A review of VOC emissions and drying mechanisms for interior paints and coatings.

This report reviews research into the release of volatile organic compounds (VOCs) from paints and coatings from two perspectives: (a) drying and film formation, and (b) voc emission into indoor air. The former has been investigated by the paint industry for some decades, especially in relation to understanding drying mechanisms to assist product formulation and development. The latter is of more recent interest and is directed to predicting and controlling the impact of VOC emissions from paints and coatings on indoor air quality.

Passive monitoring of VOC in air using ACC.

This project dealt with developing the method of using activated carbon cloth as a sampler for measuring volatile organic compounds (VOC's) in air. Strips of carbon cloth mounted in slide holders were tested as diffusive samplers. These were exposed to known concentrations of standard chemicals in test chambers. The adsorbed chemicals were extracted with sol vents and analyzed. The tests showed that relative humidity has some effect on adsorption, and carbon cloths from different manufacturers showed some variation in their performance.

Material odour emission test methods: review and evaluation.

This materials odour emission project was conducted for the Task Force on Materials Emissions and four industry sponsors. The objectives of the project were to review material odour test methods, conduct comparative tests of various materials by the most applicable methods and to recommend test methods for materials odour emission characterization. The review identified six test methods which were then compared in a program of odour testing of 1 0 materials. Two test methods were quantitative odour intensity methods and four methods used perceived intensity and hedonic scales.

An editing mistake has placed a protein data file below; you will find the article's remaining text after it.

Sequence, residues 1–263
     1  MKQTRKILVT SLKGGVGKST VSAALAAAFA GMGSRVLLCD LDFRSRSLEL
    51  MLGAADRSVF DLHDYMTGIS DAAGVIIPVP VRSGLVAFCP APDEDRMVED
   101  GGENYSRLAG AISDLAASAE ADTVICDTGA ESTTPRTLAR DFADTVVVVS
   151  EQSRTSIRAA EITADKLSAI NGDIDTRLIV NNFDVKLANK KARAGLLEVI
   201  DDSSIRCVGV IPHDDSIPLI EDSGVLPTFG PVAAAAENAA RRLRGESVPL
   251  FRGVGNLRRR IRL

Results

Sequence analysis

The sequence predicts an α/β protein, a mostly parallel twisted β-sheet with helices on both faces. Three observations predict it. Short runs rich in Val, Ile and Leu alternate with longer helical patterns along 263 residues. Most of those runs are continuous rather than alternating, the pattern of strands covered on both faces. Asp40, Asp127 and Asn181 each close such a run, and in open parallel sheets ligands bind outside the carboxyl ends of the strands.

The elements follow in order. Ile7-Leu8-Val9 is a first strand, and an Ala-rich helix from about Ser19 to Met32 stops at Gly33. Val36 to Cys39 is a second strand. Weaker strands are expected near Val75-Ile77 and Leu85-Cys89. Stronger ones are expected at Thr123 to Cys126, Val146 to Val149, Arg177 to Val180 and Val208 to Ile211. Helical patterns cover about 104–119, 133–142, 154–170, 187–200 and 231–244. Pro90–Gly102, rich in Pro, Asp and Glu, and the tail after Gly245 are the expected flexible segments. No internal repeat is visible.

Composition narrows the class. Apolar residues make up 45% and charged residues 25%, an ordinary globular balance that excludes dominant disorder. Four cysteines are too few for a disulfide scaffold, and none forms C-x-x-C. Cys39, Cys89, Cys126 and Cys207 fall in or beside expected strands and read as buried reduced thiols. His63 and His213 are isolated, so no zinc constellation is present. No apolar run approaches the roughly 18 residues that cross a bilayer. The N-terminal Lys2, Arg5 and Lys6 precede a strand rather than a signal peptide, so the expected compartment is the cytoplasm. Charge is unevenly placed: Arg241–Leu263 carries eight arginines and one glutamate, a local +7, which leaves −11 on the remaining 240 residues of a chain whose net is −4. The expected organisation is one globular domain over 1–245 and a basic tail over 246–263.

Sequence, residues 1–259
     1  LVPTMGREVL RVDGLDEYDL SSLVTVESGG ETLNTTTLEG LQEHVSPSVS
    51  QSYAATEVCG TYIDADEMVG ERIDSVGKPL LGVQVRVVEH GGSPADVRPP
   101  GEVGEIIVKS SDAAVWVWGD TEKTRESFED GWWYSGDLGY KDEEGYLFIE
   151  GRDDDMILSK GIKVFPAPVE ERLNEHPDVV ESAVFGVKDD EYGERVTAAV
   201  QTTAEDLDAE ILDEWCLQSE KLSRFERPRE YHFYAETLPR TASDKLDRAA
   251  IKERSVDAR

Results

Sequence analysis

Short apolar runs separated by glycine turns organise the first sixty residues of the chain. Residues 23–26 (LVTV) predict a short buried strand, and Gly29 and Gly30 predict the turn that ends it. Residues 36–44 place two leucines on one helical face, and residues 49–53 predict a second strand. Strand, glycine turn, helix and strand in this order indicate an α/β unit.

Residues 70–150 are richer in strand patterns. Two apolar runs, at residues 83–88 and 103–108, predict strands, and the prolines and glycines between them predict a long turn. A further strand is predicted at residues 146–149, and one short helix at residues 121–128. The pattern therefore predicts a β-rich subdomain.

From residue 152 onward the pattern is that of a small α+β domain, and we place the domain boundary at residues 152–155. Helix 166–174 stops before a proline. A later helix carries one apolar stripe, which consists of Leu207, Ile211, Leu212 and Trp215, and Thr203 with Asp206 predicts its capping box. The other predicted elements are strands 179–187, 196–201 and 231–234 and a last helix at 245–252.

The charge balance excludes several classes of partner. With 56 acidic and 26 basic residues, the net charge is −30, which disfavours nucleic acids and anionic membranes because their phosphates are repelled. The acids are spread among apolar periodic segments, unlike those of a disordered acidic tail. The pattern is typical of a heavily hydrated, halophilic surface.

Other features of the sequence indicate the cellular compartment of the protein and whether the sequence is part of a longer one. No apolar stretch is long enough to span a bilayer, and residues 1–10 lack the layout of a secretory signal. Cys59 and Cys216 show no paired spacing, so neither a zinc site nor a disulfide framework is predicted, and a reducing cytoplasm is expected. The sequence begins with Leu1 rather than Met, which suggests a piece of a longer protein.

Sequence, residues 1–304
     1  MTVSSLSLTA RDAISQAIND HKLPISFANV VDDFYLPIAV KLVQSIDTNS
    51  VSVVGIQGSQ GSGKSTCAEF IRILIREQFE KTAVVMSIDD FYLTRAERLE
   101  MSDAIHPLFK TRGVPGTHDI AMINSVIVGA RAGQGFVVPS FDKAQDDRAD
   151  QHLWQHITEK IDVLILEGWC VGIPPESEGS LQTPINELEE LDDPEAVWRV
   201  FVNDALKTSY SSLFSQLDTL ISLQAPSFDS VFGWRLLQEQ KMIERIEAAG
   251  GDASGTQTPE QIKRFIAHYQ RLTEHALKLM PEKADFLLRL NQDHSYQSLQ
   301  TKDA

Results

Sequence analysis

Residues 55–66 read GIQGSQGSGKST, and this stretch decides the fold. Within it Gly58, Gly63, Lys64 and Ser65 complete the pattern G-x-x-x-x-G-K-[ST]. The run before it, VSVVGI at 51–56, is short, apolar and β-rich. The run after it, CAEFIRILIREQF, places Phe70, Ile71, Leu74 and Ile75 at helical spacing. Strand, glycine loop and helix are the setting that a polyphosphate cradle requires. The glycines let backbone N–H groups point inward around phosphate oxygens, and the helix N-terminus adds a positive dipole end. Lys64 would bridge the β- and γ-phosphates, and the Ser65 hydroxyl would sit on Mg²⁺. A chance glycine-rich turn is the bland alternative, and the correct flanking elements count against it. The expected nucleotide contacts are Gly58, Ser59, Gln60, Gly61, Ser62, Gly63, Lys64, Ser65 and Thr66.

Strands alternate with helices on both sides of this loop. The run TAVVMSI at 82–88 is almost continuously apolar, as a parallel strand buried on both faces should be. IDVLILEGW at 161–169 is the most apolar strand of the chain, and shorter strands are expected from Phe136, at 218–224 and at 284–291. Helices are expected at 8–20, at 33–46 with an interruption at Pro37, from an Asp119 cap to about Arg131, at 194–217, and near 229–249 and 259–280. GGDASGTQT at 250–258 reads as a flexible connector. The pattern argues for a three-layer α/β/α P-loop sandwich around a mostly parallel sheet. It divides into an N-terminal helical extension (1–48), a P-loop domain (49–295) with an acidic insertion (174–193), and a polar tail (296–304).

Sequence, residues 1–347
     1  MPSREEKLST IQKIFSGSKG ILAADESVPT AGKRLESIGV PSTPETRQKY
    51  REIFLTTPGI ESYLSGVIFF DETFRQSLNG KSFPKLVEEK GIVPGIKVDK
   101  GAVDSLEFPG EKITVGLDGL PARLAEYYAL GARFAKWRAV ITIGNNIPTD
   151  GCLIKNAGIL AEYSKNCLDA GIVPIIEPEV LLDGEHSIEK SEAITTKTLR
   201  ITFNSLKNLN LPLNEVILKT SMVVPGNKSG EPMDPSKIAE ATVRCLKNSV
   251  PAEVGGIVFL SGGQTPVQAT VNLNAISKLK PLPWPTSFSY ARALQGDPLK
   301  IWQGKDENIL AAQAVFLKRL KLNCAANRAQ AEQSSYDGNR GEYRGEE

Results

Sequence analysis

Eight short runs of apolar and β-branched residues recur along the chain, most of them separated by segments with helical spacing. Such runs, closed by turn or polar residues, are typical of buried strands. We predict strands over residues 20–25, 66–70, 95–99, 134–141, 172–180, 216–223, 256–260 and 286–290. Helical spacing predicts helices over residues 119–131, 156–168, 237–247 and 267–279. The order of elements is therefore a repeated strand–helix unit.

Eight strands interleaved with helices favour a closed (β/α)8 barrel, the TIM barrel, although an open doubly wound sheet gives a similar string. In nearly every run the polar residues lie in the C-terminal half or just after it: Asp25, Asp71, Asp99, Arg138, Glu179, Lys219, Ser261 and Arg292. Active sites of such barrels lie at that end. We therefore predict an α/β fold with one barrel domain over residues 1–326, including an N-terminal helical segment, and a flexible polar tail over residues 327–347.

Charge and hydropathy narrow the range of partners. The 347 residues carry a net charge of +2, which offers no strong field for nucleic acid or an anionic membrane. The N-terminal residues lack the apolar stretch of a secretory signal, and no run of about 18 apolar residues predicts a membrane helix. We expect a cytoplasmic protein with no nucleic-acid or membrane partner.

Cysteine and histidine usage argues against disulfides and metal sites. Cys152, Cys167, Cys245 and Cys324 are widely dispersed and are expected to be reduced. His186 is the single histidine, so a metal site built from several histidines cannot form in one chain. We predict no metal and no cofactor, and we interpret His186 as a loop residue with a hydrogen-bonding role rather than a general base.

Sorption-supported AC system in a printing office.

One of the first sorption-supported air-conditioning systems ("Desiccative Evaporative Cooling Systems") in an industrial building in Germany was installed in a printing office in Waiblingen, a town in southern Germany. The circumstances for such a system showed to be optimal, as the printing office is equipped with its own co-generation system delivering a considerable amount of waste heat. The experiences made with the system in the hot and humid summer of 1995 were very positive.

Volatile organic compounds in office buildings. 2. Identification of pollution sources in indoor air.

A great number of volatile organic compounds (VOCs) are found in the indoor air of office buildings, emitted mainly by the building materials, the consumer products used, the furnishing, office equipment, smoking, mechanical ventilation systems and outdoor air pollution. An attempt has been made to identify the strongest sources of VOCs in the indoor and outdoor air of six office buildings in Greece. Analysis of the results showed that the VOCs in the outdoor air were strongly related to the traffic in the area.

Lars Molhave responds to "TVOC: is it dead?"


Sources and concentrations of formaldehyde and other volatile organic compounds in the indoor air of four newly built unoccupied testhouses.

Concentrations of formaldehyde and other volatile organic compounds (VOCs) were monitored over a 2-year period in the main rooms of four unoccupied test houses and in the outdoor air. During the construction and furnishing of the buildings 30 samples of materials were collected and subsequently tested using environmental test chambers to determine amounts of form aldehyde and other VOCs emitted. Concentrations of VOCs in the building were initially high and declined quickly during the first 6 months after construction.